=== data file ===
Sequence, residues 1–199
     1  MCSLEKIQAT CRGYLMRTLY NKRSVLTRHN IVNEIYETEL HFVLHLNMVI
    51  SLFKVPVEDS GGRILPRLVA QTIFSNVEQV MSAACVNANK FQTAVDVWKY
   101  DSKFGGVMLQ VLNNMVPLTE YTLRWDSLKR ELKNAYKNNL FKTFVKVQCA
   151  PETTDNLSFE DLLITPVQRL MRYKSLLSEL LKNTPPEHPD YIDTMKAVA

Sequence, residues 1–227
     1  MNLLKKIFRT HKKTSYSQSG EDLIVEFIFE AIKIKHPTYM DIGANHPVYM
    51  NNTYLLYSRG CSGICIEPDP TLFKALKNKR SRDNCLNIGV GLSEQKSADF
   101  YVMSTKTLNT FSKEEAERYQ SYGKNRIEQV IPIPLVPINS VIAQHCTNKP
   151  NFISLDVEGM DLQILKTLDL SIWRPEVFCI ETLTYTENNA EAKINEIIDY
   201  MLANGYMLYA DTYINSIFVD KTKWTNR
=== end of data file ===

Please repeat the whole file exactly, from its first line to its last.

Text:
Sequence, residues 1–199
     1  MCSLEKIQAT CRGYLMRTLY NKRSVLTRHN IVNEIYETEL HFVLHLNMVI
    51  SLFKVPVEDS GGRILPRLVA QTIFSNVEQV MSAACVNANK FQTAVDVWKY
   101  DSKFGGVMLQ VLNNMVPLTE YTLRWDSLKR ELKNAYKNNL FKTFVKVQCA
   151  PETTDNLSFE DLLITPVQRL MRYKSLLSEL LKNTPPEHPD YIDTMKAVA

Sequence, residues 1–227
     1  MNLLKKIFRT HKKTSYSQSG EDLIVEFIFE AIKIKHPTYM DIGANHPVYM
    51  NNTYLLYSRG CSGICIEPDP TLFKALKNKR SRDNCLNIGV GLSEQKSADF
   101  YVMSTKTLNT FSKEEAERYQ SYGKNRIEQV IPIPLVPINS VIAQHCTNKP
   151  NFISLDVEGM DLQILKTLDL SIWRPEVFCI ETLTYTENNA EAKINEIIDY
   201  MLANGYMLYA DTYINSIFVD KTKWTNR